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World Bank deepens regional integration support in Sub-Saharan Africa

World Bank deepens regional integration support in Sub-Saharan Africa

The Board of Executive Directors of the World Bank Group have endorsed a new strategy to partner with Sub-Saharan African countries and regional bodies to deepen regional integration.

It will reposition World Bank Group support to help the continent realize fuller benefits from integration over the period 2018-2023.

Titled “Supporting Africa’s Transformation: Regional Integration & Cooperation Assistance Strategy”, the strategy will promote economic diversification and strengthening of regional value chains, build sub-regional energy and digital markets, help create productive jobs for youth, and tackle cross-border health and climate change risks.

“The World Bank Group brings a unique combination of financing, policy support, and convening power that can help facilitate collective action to address regional infrastructure gaps and policy and regulatory barriers to integration.  We are buoyed by the high level of commitment of African leaders towards promoting the regional integration agenda,” said Makhtar Diop, World Bank Vice President for Africa.

The World Bank Group remains an important financier of regional integration initiatives in Sub-Saharan Africa, with existing commitments of over $10 billion.  Over the next three years, financing will increase by over $6 billion to assist the continent in addressing barriers to integration.

  In addition, the provision of technical assistance and better analytics will help facilitate collective action by countries in priority areas.  The strategy has benefited from wide-ranging consultations with policy makers, regional bodies, and the private sector in Africa.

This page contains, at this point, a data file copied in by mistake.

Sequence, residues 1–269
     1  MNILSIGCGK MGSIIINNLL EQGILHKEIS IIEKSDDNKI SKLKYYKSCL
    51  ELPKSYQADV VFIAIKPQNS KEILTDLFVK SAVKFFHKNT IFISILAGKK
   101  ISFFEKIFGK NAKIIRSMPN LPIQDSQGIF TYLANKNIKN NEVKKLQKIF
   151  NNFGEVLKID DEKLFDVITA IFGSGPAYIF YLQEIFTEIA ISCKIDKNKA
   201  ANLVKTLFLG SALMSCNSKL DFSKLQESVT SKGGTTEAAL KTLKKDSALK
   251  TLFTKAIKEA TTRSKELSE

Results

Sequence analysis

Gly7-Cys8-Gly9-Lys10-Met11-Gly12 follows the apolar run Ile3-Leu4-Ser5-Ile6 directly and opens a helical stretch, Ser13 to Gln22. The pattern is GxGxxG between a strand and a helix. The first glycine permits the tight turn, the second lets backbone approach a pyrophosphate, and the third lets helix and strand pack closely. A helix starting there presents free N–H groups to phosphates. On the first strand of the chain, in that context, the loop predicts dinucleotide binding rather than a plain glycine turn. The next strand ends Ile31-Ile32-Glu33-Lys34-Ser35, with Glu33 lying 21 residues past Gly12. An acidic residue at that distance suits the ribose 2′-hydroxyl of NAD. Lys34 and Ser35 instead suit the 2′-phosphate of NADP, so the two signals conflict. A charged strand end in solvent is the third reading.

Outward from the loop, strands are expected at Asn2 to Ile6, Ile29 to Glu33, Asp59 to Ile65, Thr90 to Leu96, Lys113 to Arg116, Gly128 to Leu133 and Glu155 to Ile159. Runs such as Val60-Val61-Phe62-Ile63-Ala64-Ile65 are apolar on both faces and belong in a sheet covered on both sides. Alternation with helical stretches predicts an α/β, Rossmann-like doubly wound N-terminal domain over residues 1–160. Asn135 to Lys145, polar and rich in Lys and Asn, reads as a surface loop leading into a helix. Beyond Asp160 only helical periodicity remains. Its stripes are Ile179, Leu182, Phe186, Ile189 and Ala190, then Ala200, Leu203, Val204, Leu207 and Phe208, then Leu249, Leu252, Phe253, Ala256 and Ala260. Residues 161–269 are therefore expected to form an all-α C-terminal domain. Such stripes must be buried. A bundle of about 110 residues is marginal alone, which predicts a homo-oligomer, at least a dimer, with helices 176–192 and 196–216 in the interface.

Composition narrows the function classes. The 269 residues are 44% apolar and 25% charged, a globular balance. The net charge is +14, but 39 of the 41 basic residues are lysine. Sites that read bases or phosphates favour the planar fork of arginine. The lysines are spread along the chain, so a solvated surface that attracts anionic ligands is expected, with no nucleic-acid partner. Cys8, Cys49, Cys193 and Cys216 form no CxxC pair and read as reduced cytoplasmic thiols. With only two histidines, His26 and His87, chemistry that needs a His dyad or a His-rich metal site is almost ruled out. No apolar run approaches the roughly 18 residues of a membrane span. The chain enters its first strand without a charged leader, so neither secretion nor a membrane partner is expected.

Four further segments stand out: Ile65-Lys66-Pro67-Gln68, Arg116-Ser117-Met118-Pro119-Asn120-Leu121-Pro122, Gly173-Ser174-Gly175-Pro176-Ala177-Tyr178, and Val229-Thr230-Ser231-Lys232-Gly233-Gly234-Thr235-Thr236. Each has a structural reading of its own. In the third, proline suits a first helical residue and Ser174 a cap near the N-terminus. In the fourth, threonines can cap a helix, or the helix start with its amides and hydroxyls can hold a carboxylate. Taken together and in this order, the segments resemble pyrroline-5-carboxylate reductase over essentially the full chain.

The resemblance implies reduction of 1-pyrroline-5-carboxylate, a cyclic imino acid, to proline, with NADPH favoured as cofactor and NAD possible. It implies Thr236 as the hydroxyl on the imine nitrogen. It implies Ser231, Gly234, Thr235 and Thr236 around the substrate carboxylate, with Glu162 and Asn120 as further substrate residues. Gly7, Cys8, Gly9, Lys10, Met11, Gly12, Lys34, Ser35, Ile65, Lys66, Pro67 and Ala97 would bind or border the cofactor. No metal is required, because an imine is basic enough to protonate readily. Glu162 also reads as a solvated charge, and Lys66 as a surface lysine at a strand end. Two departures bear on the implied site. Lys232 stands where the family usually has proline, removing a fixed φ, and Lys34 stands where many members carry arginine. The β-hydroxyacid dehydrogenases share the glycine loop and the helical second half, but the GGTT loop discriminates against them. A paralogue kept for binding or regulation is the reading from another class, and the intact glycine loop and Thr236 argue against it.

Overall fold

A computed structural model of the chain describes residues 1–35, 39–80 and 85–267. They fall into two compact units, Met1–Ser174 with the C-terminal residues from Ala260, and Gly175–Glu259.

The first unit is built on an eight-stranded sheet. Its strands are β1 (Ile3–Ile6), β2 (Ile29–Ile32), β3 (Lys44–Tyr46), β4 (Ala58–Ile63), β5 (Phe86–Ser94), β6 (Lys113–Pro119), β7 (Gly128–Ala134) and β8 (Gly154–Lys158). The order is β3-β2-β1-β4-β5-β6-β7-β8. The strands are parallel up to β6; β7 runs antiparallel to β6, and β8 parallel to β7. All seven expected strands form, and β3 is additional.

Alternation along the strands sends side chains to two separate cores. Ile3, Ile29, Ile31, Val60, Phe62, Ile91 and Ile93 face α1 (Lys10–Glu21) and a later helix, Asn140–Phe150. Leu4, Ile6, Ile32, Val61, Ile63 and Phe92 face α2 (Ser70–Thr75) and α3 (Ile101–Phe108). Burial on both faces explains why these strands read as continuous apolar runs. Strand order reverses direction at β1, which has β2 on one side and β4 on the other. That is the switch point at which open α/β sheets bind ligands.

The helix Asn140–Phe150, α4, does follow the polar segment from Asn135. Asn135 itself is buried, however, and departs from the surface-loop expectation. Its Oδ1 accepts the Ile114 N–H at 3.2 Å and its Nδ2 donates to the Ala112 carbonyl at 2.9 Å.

“Regional integration is Africa’s most important task and infrastructure is its backbone. The World Bank Group’s Regional Integration Strategy, developed in consultation with the African Union, comes at a critical time when Africa is making steady progress on its economic integration instruments, namely the African Continental Free Trade Area, the Protocol on Free Movement of People, and the Single African Air Transport Market,” said Moussa Faki Mahamat, Chairperson of the African Union Commission.

The private sector has a large role to play in the regional integration agenda. “The World Bank and the International Finance Corporation will bring together both public and private sector solutions to tackle integration challenges. Our joint efforts will notably target the expansion of regional markets and the diseconomies of scale which are holding back rapid development of the private sector,” said Sergio Pimenta, Vice President of the International Finance Corporation for the Middle East and Africa.


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